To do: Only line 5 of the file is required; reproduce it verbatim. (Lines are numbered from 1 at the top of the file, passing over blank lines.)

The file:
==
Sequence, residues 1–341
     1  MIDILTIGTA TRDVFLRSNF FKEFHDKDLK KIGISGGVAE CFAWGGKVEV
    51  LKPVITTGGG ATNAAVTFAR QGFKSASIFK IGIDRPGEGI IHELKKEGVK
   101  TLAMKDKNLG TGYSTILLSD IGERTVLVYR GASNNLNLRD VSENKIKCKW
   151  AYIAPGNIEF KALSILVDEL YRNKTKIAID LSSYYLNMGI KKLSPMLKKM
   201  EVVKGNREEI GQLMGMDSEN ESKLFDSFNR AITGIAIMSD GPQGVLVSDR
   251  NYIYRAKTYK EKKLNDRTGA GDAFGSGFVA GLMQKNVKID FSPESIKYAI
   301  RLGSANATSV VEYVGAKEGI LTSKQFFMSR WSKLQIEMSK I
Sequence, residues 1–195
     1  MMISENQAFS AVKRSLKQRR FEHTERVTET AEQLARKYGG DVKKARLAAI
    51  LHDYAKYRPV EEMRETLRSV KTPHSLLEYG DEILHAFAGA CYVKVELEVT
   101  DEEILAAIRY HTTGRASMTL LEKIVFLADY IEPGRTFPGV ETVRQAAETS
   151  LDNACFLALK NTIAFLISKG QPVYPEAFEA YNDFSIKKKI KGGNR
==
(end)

   151  AYIAPGNIEF KALSILVDEL YRNKTKIAID LSSYYLNMGI KKLSPMLKKM